EDIT, EDIT: I forgot at REI you're buying only the stock tarp pkg and the larger tarp is a separate purchase. If ordering from HH direct, you can sub for the larger tarp, and pay a little more for lighter versions. Also, the classic is on sale, so $175 for both hammock and large tarp. Again, I used the classic for years with a pad. I only changed when I started using an UQ, which it works ok for, but was a matter of either zip modding my hammock or selling it and buying a cheap gathered end, and I went the latter route.
    "I wonder if anyone else has an ear so tuned and sharpened as I have, to detect the music, not of the spheres, but of earth, subtleties of major and minor chord that the wind strikes upon the tree branches. Have you ever heard the earth breathe... ?"
    - Kate Chopin

  12. #12
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    I recommend that you spend some time over at hammockforums and check out the advice there. I would strongly try to steer a 1st time hanger to a cottage vendor that specializes in hammocks versus a big box product. There are lots of great vendors to choose from. I like Dutchwaregear, Warbonnet Outdoors, and Simply Light Designs personally but that's hardly and exhaustive list.

  13. #13

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    Tremendous thanks for all the suggestions! I'm grateful for you time and thoughtful responses.

    in no particular order:

    I was aware of the Dutchgear hammocks but hadn't seen their introductory package. Awesome suggestion! It looks like an 11' hammock with a separate bug net and hex tarp including suspension. The price is good. The pictures show a nice diagonal lie. This is a real contender. Some quick math shows this package weighing about 2.6 lbs (minus stakes).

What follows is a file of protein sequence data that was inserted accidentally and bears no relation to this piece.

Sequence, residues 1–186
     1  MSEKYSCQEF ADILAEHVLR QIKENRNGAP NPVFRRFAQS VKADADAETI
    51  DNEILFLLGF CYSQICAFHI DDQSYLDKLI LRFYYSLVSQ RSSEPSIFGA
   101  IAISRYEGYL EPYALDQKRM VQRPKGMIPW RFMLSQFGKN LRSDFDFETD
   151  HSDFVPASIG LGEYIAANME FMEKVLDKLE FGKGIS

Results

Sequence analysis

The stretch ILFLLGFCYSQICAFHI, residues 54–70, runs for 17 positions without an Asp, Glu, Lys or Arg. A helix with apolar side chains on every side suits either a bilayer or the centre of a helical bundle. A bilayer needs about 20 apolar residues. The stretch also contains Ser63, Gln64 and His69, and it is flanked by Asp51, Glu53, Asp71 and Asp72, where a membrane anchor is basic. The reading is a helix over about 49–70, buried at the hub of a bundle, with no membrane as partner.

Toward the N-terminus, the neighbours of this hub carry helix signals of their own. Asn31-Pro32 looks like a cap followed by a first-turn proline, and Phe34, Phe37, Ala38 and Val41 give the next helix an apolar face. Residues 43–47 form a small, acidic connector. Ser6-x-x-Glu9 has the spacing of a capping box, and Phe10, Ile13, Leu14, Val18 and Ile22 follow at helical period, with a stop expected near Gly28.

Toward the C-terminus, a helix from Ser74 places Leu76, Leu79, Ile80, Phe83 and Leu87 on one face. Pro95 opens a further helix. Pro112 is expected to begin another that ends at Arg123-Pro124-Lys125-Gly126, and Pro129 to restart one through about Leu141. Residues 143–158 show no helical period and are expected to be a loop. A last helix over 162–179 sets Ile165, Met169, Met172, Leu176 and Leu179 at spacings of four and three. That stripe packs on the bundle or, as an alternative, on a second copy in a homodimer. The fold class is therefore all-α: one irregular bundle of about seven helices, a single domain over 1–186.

The group hang in Goshen is nearby! I'm on the the North Shore from Boston. I should try to swing by. Get it... "Swing?" Hello? Is this thing on?

    I started initially with the Explorer Classic in my cart on the Hennessy website because of the sale. That price was so enticing. But then I though about it and started questioning the practicality of the so-called classic entrance. How does it work with an underquilt? How do you reach down and attached the quilt after you enter? And how do you get into your sleeping bag with your pad positioned below you? Seems like a lot of wiggling. So decided not to punch in my credit card numbers.

    As for Hammockforums.net... I signed up the other day. You think I should paste my original query as my very first posting? I was pondering doing so. I posted here first because I have some other posts and history here. I thought this crowd would be more savvy to weight and bulk considerations due to the backpacking aspect.

    Warbonnet hammocks drew my attention because of their foot box and gear box (?). I just now reviewed their return policy and it's actually pretty good! Return within 60 days for any reason for a full refund minus any cleaning expenses. By that they mean washing to remove campfire smell. That makes Warbonnet a little more appealing as I try to figure out if hammock camping is for me. Their hammocks are longer and I'd be looking at a Blackbird XLC. I haven't yet added up the weights and prices though.